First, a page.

Importantly, there is a promise of projects such as the pilot projects of public/private schools’ partnerships, meaning that private school managers could operate public schools in an effort to improve the current educational infrastructure. This could be a game-changer. However, it is unclear whether this could be a general way of solving part of the education crisis (Venture Philanthropy, 2023).
The Sex4Grades Case Study
On top of the effects of a war that deprived the country of the prospect of change and resources, corruption and abuse have been ingrained within public educational institutions. This is manifested through the “Sex4Grades” phenomena. This phenomena entails being harassed or sexually abused in order to pass a test, a class or simply the whole year (Zebede & Shahid, 2016). UNICEF’s report confirms this to be a “widespread problem” (UNICEF, 2015). Almost one in five girls and boys has experienced abuse in school by school personnel (Front Page Africa, 2014). These numbers depict the current situation in the post-war period. It is essential to see that although the civil war stopped, the war on education in Liberia never ceased to exist.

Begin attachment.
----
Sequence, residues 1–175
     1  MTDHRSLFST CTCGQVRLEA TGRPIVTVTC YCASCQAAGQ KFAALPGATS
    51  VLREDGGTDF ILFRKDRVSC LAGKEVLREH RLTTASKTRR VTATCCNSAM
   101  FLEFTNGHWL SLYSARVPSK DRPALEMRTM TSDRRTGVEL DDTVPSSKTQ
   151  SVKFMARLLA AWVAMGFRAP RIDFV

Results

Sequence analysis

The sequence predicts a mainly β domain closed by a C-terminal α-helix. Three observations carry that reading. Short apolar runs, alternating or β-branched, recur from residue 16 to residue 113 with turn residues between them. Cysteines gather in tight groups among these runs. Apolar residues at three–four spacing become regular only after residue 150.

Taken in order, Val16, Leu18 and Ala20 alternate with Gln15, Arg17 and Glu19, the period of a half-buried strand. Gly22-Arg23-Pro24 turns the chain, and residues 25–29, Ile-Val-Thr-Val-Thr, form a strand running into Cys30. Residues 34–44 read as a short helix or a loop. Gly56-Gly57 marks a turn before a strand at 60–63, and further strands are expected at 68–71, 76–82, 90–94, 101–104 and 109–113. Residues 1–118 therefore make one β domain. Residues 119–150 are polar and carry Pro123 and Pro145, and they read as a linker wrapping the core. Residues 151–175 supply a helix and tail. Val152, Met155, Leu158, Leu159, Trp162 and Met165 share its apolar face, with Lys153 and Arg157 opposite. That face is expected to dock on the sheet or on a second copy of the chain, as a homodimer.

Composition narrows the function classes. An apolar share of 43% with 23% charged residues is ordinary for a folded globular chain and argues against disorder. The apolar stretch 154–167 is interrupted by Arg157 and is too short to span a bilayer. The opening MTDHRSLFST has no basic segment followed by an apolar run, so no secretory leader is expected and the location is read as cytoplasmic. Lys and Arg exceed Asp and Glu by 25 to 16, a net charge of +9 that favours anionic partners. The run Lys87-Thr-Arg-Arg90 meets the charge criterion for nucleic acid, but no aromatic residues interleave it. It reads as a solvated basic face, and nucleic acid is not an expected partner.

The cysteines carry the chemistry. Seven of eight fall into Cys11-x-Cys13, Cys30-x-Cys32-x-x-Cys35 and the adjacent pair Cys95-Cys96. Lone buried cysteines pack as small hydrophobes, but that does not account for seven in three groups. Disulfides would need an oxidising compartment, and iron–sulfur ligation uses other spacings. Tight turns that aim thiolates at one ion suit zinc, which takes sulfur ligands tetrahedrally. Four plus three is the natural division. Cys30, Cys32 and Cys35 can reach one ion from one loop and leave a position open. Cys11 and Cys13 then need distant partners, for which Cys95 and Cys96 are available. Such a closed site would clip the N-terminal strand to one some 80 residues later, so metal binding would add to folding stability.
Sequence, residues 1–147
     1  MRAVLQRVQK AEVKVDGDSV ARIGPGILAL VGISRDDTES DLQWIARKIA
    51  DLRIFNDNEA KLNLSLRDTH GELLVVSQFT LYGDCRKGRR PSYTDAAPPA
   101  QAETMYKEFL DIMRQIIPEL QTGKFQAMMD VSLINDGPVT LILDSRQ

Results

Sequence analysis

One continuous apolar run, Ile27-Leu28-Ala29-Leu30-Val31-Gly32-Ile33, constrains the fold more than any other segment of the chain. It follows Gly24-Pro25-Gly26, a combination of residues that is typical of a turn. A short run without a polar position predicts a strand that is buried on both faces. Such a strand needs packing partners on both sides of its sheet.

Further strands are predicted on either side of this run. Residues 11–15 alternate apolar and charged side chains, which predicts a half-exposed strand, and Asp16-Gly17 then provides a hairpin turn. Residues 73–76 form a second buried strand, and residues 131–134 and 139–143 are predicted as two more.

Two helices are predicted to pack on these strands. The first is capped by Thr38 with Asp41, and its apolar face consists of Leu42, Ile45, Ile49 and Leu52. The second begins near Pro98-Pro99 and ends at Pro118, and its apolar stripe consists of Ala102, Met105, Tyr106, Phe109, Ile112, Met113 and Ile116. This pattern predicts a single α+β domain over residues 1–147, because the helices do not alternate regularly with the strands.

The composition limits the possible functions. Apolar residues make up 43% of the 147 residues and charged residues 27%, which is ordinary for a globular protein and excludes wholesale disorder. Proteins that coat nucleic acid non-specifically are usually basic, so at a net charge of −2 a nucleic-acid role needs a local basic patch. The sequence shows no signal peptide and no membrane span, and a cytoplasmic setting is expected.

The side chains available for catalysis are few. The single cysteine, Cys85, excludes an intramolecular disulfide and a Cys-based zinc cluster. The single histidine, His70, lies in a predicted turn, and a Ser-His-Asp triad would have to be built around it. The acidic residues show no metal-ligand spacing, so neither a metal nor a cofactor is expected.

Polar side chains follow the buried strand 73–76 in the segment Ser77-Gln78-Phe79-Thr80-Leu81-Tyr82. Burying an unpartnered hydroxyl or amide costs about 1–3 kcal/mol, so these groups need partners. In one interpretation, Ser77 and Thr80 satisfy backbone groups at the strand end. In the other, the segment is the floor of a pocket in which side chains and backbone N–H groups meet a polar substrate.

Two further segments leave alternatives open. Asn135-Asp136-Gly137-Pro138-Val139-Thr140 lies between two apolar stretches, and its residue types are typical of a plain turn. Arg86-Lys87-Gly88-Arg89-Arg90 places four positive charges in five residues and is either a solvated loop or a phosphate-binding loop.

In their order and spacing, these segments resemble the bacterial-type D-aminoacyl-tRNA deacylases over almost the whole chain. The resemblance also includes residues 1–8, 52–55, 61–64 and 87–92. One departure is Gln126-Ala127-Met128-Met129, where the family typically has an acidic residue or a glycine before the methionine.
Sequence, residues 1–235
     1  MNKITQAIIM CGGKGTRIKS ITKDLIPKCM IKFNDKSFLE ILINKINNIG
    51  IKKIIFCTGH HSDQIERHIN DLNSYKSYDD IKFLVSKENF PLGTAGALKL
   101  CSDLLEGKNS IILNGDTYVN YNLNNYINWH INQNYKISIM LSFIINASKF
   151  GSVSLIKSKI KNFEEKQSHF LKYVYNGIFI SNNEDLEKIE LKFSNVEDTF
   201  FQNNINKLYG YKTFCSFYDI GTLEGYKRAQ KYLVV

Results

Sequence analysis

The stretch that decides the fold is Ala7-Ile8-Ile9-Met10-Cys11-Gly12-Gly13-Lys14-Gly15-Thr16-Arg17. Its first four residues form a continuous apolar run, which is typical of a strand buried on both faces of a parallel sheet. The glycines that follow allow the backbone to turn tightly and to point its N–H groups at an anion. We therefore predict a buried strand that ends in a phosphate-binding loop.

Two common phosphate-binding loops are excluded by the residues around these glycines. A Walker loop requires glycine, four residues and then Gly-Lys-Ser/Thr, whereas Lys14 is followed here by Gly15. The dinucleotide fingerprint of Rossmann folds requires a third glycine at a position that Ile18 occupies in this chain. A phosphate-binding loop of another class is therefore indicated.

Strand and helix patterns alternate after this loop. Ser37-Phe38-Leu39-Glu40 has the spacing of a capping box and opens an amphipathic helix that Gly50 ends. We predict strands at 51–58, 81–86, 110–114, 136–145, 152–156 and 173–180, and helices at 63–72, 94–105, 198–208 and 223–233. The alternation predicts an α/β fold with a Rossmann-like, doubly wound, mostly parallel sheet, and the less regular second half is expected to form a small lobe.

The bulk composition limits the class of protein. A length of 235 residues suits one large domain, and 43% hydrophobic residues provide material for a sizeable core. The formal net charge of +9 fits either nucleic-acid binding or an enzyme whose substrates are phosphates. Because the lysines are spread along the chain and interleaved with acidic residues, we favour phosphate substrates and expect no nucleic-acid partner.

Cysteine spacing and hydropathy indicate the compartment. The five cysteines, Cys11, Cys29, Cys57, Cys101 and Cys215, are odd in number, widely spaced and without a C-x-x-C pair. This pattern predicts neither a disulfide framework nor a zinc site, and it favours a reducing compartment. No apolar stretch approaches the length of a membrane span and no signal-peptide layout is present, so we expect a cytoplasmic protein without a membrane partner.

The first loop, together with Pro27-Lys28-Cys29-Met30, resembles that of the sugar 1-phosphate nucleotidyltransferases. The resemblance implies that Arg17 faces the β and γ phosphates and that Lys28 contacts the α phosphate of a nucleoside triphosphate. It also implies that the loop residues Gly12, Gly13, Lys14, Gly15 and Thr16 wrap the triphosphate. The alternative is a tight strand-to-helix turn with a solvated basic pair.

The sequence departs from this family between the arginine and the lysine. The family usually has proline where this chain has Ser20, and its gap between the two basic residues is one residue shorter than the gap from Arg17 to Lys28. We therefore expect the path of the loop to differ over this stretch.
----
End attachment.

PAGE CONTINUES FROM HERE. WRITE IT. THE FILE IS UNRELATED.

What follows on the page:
Liberia’s Civil Conflict Effect on Education
The threat over peace, justice and the strength of institutions has been posed by the fourteen years-long civil war that ended in 2003. Structurally, the conflict has been a biphasic one. The First Liberian Civil War (1989-1997) can be explained through different root reasons starting from ethical clashes, socio-economic inequality, governmental corruption, and abusive use of power. This period was followed by two years of peace disrupted by the Second Liberian War (1999-2003) (Peace Building Data, n.d.). The underlying causes include practices of ethnic scapegoating and significant human rights abuses. Over 250000 individuals were killed in light of the war, around 780000 people were externally displaced, and 500000 were internally displaced (Dabo, 2012).